Whether it’s dense-graded, open-graded or gap-graded mix or stone-matrix asphalt, don’t forget their impact on compaction.
Many contractors look to temperature when contemplating compaction needs. Yet, some off-site specifications also have a significant impact on the jobsite. These include mix design and aggregate shape.
Dense-graded mixes are produced with continuously graded aggregate. In other words, there are a variety of sizes of aggregates in the design. The design formula includes asphalt cement and fines. Typically, the larger aggregates are surrounded by a matrix of mastic composed of asphalt cement and fines. The asphalt cement may be modified by materials such as polymer or latex rubber to develop additional stiffness.
Because the larger aggregates are surrounded by the mixture of asphalt cement and fines, there is less danger of damaging aggregates through the use of high-compaction force. Depending on the layer thickness, medium to high amplitude is often selected when compacting dense-graded mixes.
Dense-graded mixes are often classified as either coarse or fine. Coarse mixes have a maximum aggregate size of 19 mm (3/4 inch) or larger. Coarse mixes are usually laid down in fairly thick layers of 75 mm (3 inches) or thicker. Mats that consist of coarse mix are less likely to move around under heavy compaction energy. You can use vibratory compactors in higher amplitude ranges and pneumatic compactors with higher ground pressures.
Some dense-graded mixes are classified as fine mixes. Fine mixes have a maximum aggregate up to 13 mm (1/2 inch) and typically a fairly large percent of fines and asphalt cement. Some fine mixes can be unstable during the compaction process, especially if layer thickness exceeds 50 mm (2 inches).
Static compaction may be needed to help stabilize fine mixes prior to vibratory passes. High-compaction energy can damage layers of fine mix. Lighter compactors, either steel drum or pneumatic, are recommended for use on fine mixes.
Open-graded mixes have relatively uniform-sized aggregate typified by an absence of intermediate sized particles. Mix designs typical of this structure are permeable friction layers and asphalt-treated permeable bases.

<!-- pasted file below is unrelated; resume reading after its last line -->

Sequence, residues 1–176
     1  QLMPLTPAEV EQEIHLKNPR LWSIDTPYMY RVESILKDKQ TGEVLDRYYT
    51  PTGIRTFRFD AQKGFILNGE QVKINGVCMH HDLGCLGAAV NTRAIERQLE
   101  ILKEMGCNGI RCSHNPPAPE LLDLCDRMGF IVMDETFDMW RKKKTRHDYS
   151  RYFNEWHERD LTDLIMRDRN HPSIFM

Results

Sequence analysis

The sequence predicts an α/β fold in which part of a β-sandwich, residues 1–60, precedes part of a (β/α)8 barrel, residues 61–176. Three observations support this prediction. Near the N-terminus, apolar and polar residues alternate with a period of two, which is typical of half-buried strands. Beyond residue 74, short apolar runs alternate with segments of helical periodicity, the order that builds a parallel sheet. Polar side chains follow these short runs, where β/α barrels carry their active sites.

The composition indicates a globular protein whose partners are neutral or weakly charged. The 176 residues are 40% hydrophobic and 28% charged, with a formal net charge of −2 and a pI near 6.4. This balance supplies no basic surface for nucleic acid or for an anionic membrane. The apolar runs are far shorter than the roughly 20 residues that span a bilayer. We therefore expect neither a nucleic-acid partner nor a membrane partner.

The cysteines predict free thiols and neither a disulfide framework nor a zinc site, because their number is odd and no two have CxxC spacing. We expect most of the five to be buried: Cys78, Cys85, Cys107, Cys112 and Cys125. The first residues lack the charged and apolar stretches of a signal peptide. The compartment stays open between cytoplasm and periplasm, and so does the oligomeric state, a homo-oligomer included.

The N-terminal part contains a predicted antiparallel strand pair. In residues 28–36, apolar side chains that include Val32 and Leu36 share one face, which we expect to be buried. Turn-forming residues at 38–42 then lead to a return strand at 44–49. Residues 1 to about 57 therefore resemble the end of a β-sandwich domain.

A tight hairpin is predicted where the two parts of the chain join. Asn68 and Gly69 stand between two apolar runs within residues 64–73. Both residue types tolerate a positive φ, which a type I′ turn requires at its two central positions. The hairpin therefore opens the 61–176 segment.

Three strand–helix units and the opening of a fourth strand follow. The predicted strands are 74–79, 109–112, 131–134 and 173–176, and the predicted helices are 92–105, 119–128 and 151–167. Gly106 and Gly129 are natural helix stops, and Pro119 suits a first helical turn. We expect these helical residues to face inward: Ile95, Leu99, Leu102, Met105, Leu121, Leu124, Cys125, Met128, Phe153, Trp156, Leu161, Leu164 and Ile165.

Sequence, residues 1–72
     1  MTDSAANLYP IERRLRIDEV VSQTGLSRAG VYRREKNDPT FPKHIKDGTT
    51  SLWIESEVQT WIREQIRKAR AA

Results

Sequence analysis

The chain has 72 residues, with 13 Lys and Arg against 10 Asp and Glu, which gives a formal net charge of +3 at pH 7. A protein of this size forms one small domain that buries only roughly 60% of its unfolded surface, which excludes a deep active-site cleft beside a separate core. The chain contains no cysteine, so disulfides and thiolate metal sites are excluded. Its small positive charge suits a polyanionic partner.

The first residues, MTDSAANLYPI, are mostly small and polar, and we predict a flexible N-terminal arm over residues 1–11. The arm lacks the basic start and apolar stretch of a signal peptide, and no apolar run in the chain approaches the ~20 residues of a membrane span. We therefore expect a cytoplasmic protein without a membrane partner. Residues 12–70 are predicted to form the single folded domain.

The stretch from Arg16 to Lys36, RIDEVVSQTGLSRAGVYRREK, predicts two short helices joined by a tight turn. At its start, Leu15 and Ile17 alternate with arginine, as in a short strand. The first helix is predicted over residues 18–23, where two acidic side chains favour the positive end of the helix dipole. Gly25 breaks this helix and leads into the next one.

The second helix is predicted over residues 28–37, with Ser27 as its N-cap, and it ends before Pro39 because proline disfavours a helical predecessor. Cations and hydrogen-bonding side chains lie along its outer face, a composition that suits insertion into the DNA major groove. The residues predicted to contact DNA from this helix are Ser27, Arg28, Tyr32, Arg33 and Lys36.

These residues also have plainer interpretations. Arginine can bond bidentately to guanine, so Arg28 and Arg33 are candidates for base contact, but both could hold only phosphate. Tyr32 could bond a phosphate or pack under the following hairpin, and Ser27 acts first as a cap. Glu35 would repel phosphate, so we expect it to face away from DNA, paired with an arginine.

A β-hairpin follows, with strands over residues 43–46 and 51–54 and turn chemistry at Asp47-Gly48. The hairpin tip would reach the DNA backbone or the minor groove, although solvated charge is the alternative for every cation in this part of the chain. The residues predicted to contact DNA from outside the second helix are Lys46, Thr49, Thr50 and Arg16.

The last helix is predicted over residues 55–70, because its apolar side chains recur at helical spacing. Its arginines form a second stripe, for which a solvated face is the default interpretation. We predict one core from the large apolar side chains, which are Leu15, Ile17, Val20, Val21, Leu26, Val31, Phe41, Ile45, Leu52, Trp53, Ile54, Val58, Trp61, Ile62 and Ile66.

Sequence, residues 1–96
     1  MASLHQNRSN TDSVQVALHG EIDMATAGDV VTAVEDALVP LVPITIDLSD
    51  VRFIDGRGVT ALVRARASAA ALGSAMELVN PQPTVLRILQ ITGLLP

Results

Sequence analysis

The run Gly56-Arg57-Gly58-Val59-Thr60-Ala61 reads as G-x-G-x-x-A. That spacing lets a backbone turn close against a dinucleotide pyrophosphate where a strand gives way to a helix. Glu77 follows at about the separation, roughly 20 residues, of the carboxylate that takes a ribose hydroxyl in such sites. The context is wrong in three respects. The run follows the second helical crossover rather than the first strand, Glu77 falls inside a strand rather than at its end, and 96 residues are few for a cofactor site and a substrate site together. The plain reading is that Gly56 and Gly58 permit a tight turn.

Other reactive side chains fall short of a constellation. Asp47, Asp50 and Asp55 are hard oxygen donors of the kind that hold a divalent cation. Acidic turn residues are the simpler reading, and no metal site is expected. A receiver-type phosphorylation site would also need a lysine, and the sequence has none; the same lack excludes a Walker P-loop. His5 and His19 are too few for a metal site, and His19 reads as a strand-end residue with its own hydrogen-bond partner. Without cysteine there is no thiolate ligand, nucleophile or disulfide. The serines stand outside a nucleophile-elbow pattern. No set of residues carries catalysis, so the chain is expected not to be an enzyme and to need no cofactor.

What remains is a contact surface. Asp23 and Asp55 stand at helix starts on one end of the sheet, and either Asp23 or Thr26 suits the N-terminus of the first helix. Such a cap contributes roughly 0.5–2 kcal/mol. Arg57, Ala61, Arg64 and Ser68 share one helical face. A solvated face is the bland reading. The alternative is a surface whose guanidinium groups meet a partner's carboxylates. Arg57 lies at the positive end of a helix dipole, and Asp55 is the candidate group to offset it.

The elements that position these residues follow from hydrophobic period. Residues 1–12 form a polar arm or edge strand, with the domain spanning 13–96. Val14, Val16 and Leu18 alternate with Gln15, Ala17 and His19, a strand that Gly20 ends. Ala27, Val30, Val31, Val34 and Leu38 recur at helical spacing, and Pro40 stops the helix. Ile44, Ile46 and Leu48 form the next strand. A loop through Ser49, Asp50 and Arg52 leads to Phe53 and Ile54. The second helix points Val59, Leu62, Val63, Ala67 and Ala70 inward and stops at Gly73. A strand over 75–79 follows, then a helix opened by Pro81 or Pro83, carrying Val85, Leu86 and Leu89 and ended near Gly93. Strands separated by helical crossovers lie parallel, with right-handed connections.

Because of their open structures, precautions are taken to minimize the amount of asphalt cement draining to the bottom of the layer by using modified asphalt cement, usually latex rubber or fibers. Stone-on-stone contact with a heavy asphalt cement particle coating is typical for open-graded mixes.
Gap-graded mixes use an aggregate gradation with particles ranging from large to fine with some intermediate sizes missing.
Gap-graded mixes are also typified by stone-on-stone contact and are more permeable than dense-graded mixes.
Stone-matrix asphalt (SMA), like other open-graded mixes, will be missing most intermediate aggregate sizes.
However, stone-matrix asphalt mixes have a much higher proportion of fines. Modified asphalt cement combines with these fines to produce a thick mastic coating around and between the large aggregate particles.
Shape matters, too
Aggregate shape also affects compaction. The shape of the aggregate determines the amount of internal friction between the particles.
Rounded aggregates have low internal friction and move closer together within the layer under less compaction energy. However, mixes with rounded aggregates tend to be unstable and move around under the weight of the compactor. Therefore, when you know the shape of the aggregate is rounded, select low vibratory amplitude or a light static compactor.
Angular aggregates, on the other hand, have high internal friction. Once they are moved into contact with each other, angular aggregates produce high pavement strength. More force and heavier compactors are needed to overcome the internal friction between the fractured faces of crushed stone aggregate. Most high-traffic mix designs specify the use of crushed aggregates with a certain number and shape of fractured faces.
The role of thickness
No matter what type of mix or what type of project, an important factor is the ratio between the size of the largest aggregate in the mix and the thickness of the layer. This ratio strongly affects the ability of the mat to accept compaction energy and reach the specified density.
For example, a layer thickness of 10 cm (4 inch) and a maximum aggregate size of 25 mm (1 inch) are relatively easy to compact. You can use high compaction forces and not worry about damaging aggregates. With a 4:1 ratio, there is ample space for aggregate movement allowing the aggregates to re-orient. Many public works departments specify a 3:1 ratio as a minimum for high-traffic mix design.
When the ratio of layer thickness to aggregate size is less than 3:1, the compaction process is much more difficult. In particular, when there are angular aggregates in the layer, it is likely that those aggregates will not move into the proper compacted orientation without being damaged.
The compactor operator is more likely to notice drum bouncing or the appearance of uncoated rock at the surface of the mat. Lack of density and damaged aggregates will lead to premature mat failure. When the ratio of layer thickness to aggregate size is less than 3:1, low compaction energy is needed.
In summary, crews will always need to monitor temperatures.
But, don’t forget that what happens before the mix even reaches the jobsite has an impact, too. v
Article and photos courtesy of Cat Paving.
(Editor’s note: This excerpt first appeared in “The Cat Paving Products Guide to Asphalt Compaction.” The book is available on Amazon.com and through participating Cat dealers.)